Director: Darren Aronofsky
Screenplay: Mark Heyman, Andres Heinz, John J. McLaughlin
Starring: Natalie Portman, Mila Kunis, Winona Ryder, Vincent Cassel, Barbara Hershey
Synopsis is here
They are usually naive, sometimes obsessive and often talented; Darren Aronofsky's characters are self-assassinating creatures. We feel pity for them as they constantly cry out for help; be it drugs, fatherhood, or even the very source of life itself. The problem is their reclusive characters and obstructive behavior not only block us from helping them, but keeps them on the path of destruction. Aronofsky has explored such people from low budget gritty dramas to high end sci-fi but never before in a horror film setting. Black Swan is his first and for me it may well be his opus.
Once again using the single camera, documentary style utilized before in The Wrestler, the visuals not only detail the brutal and tough preparation that goes into ballet, but the evocative close ups; constantly hint and suggest worry that we can't put our finger on. Aronofsky's lingering close ups of Nina's (Portman) exhausted and fretful face not only highlight the pressure that is placed on her, but also adds tension as Aronofsky encloses the space around Nina. We don't visit that many locations in Black Swan (Nina's strict routine regulates us mostly to her bedroom and the studio) but it's easy to forget this as the film wraps everything so tightly around Nina. Not only do we think that Nina is trapped in her own world but Aronofsky's camera makes sure that we feel the walls are craving in. Of course, these walls are metaphorical. Nina; whose bedroom's is covered in pink wallpaper and cuddly toys, shies away from sexual talk, and is acutely aware of the sexuality of others and doesn't appear to have any friends within the company. She is socially awkward and despite being in her twenties, one is not surprised at her mothers watchful eye over her at all times.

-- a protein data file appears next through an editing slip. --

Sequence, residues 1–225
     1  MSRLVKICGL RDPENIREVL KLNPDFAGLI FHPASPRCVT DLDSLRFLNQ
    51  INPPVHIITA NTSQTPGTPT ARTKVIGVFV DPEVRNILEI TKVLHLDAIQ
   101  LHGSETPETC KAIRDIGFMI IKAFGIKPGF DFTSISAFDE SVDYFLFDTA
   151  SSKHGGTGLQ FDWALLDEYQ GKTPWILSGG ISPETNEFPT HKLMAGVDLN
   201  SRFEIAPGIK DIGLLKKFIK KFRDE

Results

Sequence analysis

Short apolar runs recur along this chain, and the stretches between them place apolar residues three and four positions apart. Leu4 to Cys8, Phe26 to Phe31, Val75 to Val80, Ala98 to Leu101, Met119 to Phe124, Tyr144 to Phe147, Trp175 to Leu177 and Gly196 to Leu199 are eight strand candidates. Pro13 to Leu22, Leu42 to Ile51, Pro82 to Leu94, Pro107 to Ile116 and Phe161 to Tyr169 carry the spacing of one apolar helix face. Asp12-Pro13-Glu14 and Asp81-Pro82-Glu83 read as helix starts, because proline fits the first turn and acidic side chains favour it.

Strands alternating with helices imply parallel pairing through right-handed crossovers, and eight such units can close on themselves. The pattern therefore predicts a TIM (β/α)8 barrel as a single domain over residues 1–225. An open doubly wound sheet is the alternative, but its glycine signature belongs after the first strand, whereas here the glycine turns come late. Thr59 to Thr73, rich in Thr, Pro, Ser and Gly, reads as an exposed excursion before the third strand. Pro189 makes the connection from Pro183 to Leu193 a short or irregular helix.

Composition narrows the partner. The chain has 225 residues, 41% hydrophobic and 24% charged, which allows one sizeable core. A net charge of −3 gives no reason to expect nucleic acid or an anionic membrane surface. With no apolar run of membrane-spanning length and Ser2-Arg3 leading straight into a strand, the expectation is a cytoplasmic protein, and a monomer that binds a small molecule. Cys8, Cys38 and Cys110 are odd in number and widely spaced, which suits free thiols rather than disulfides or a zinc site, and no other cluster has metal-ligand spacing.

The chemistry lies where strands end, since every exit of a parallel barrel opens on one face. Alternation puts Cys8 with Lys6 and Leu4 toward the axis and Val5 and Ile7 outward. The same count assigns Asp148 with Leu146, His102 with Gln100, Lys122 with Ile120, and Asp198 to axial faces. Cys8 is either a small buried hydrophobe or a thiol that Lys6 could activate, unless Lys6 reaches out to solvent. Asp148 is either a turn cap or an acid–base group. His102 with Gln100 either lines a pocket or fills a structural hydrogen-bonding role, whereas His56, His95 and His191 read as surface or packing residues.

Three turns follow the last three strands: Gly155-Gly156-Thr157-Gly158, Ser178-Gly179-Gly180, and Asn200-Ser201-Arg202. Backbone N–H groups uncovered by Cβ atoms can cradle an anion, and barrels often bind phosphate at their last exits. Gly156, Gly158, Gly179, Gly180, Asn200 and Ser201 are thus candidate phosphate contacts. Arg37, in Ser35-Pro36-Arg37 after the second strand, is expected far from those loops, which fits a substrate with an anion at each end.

I felt with Nina throughout the entire film; experiencing very punishing routine, stretched muscle and tight joint. But it's not just the claustrophobic cinematography that keeps you close, but also Portman's mesmerizing performance. From when we first see her, it already looks she's on the verge of burnout. A little girl trapped inside the body of a woman. A compelling performance due Portman's ability to balance Nina's drive with her immaturity. Throughout Portman holds a fearful, childlike gaze to everyone she encounters. Answers back are mumbled while childish outbursts slip out by outside stimulus. This encapsulated world is clearly created by a domineering mother (a perfectly cast Barbara "The Enity" Hershey) and Nina's newly gained promotion installs a fight against her, she never felt she had. The relationship between the two; to me, feel very reminiscent of Carrie and Aronofsky's direction carefully teases the psychosexual aspects in many scenes. Portman is also spot on with the films later scenes as psychical pain breaks down into psychological. A good performance becomes a great one as the melding of sexual awaking, social isolation and grueling routine explode into a dazzling, liberating, final display as Swan Lake is preformed.
It is the films final, unbelievably tense third where everything comes together brilliantly. The sound design ramps up and the music becomes thunderous, the visuals that only tricked you slightly in earlier sections come at you in full force to assault you. There are horror tropes that have been used throughout that would come across as cliche in lesser films, but are extraordinarily manipulated here. Arononfsky understands that the best horror comes from very simple and primal things, breaking Nina's natural order with exhaustion, further isolation and of course fear of the other. With all this said; I still haven't mentioned Mila Kunis' sultry performance as Lilly, which illustrates a fear of sex that Nina cannot understand. Nor have I spoke about the devilishly sleazy Thomas Leroy. Cassell clearly relishes a role like this and once again like so many of his displays, plays it pitch perfect.
Stunningly shot and unbelievably tense, I was completely bowled over with Black Swan. Early reviews have mentioned it's audacity and ambition and it's those very things that make it stand out. It's not cookie cutter, it breaks the machine.